FERRY PROJECT NEWS
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15 November 2023
Statistics for April 2022 - March 2023
Recently, Ferry Project finished analysing their year end data for the period between April 1 2022 and March 30 2023. During this time, the charity provided over 13,000 nights of accommodation, and supported a total of 246 people with housing related support and a further 171 people by providing accommodation in the Fenland area. Wisbech, the home of the charity, is one of the most deprived towns in Cambridgeshire, and sees a greater number of challenges for those looking for employment. Data from the 2021 census showed that over 30% of people in Wisbech have no qualifications, compared with just 18% across England.
Across three branches of the charity, the statistics have been incredibly positive. Of those supported in the main hostel in Clarkson House in the last year, 80% have positively moved on from Ferry Project. Clients in the emergency accommodation had a 75% positive move on rate, and for those staying in external supported accommodation this was up at 93%.
It is the hope of the charity that those who receive their support are able to regain the confidence and practical skills to return to independent living, and whilst this will never be possible for some due to their high support needs, the positive move on rates above show how for many clients moving into their own home again is a reality.
However, many clients have significant challenges to tackle before they are able to move on: 66% of those staying in Clarkson Hostel had a mental health issue, and 68% of those who stayed in the emergency accommodation had a physical disability. 60% had a history of self harm, and nearly 90% needed support for alcohol issues.
In light of this, Ferry Project supported many of their clients in registering with a doctor and navigating the NHS to find specialised support for individual issues. In Clarkson Hostel, 97% of clients were registered with a doctor by March 30th, and 100% were registered in the emergency accommodation. As a result, over 70% of clients in the Clarkson Hostel reported that they have been managing their physical health better.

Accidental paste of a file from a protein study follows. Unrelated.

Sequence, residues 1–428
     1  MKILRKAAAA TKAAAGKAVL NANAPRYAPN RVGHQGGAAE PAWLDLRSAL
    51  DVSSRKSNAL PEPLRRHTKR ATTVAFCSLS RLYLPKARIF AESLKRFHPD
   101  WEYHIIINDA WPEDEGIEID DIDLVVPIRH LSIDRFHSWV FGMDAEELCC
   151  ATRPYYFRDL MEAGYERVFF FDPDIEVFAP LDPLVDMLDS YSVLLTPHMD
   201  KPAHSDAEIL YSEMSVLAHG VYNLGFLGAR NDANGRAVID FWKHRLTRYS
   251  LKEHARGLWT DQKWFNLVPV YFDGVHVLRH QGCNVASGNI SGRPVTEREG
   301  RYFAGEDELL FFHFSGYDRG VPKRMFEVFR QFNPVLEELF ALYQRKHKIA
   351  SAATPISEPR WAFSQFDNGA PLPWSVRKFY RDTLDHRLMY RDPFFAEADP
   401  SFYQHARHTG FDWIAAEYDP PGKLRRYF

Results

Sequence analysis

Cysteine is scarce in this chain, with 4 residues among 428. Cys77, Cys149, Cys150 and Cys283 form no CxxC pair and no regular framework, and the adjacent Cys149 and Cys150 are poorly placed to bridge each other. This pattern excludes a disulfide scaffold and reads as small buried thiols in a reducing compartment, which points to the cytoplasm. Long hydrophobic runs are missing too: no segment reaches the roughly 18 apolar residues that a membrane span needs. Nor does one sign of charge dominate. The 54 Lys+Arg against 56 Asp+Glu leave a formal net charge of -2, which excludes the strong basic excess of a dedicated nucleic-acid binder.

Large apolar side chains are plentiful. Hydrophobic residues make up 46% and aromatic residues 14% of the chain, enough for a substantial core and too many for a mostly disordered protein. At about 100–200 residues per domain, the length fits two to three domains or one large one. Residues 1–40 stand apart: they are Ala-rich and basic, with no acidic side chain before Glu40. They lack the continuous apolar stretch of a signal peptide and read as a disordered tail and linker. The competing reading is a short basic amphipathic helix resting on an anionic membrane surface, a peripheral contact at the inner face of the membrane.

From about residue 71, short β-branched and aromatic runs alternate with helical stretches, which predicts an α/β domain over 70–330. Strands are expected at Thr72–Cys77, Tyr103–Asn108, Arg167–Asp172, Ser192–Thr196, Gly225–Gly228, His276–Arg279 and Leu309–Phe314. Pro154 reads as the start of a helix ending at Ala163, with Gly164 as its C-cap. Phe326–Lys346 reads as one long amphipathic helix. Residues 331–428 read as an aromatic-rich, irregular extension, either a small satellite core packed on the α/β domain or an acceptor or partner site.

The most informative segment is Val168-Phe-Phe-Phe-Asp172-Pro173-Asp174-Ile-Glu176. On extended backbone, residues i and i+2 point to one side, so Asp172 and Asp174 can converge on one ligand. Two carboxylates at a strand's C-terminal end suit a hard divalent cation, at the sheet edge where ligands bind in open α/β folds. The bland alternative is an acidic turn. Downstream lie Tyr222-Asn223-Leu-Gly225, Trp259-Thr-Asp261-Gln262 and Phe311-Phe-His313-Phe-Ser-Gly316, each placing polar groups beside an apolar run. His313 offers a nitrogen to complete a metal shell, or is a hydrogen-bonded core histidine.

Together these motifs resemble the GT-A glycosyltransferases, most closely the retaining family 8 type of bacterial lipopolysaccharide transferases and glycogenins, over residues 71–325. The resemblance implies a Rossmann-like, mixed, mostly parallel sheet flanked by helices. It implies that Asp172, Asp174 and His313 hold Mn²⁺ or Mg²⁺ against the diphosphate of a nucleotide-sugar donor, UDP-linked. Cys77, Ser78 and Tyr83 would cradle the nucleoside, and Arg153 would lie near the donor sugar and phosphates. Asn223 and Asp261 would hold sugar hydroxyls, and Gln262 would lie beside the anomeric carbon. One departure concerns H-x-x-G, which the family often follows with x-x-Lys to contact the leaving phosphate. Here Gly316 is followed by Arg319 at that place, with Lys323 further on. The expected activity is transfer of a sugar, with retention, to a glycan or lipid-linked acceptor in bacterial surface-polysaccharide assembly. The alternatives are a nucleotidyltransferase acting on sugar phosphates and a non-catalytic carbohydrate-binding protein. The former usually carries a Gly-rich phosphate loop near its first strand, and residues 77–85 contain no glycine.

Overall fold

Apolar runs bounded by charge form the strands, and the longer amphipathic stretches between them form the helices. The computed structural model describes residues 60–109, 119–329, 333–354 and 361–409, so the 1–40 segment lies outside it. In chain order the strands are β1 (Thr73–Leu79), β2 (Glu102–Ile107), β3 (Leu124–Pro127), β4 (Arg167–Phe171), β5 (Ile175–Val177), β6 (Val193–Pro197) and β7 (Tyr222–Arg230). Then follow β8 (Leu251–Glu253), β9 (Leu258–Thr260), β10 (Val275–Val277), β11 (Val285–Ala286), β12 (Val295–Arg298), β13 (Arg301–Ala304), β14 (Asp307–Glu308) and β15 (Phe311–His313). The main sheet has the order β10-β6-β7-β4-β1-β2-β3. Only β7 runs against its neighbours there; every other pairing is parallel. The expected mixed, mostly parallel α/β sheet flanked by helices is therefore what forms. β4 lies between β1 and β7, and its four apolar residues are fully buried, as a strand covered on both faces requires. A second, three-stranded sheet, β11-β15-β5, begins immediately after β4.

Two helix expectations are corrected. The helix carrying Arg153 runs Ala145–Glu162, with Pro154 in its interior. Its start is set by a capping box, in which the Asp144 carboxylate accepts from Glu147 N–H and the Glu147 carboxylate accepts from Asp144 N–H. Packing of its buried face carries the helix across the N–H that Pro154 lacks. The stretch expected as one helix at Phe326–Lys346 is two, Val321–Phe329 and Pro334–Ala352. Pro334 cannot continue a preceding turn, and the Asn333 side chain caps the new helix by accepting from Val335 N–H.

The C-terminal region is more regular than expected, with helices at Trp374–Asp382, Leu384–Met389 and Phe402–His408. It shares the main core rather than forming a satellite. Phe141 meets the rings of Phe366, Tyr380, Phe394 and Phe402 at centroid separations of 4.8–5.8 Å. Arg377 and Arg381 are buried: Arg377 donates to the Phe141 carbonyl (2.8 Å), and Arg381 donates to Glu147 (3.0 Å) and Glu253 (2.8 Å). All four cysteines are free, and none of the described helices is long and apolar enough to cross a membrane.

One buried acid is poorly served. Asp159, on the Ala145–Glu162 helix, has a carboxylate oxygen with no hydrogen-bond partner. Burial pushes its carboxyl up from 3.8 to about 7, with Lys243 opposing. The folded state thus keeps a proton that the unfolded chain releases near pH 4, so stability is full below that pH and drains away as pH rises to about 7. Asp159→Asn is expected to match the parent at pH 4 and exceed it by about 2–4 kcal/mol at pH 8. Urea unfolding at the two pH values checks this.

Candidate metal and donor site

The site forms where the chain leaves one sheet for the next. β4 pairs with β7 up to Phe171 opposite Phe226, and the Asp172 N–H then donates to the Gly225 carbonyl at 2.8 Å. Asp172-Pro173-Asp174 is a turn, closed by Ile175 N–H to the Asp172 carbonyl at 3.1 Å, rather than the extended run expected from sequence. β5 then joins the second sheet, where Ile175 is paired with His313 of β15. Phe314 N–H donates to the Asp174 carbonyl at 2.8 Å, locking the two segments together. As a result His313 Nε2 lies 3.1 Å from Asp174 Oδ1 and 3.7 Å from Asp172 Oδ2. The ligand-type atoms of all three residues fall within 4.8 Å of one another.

Beyond physical health, one of Ferry Project’s central aims is building the self-esteem and confidence of their clients. To become homeless, people must be rejected by every single person in their lives, leaving them feeling isolated and worthless. A study conducted by homeless charity Crisis concluded that homeless people are over nine times more likely to take their own lives than the general population. Beyond providing shelter, Ferry Project aims to be a welcoming community that helps people to feel valued again. Whilst staying in Clarkson Hostel, nearly 30% reported feeling more confident and less isolated. 28% were also supported in improving contact with their families. Out of those staying in the emergency accommodation, 57% said they were participating in leisure activities again.
Any donation, no matter how big or small can make a huge difference. Find out what the different amounts listed can achieve, or click the button to find out how you can donate any amount.
£20 allows us to support someone who is street homeless or in danger of becoming homeless by giving them support and advice, a shower, wash their clothes and have a meal.
£50 allows us to support someone who is street homeless by giving them a room for a night, support and advice, a shower, wash their clothes and have a meal.
£100 would help with food, toiletries and other essentials, clothing, transport for appointments such as probation meetings, hospital visits or even reconnecting with family.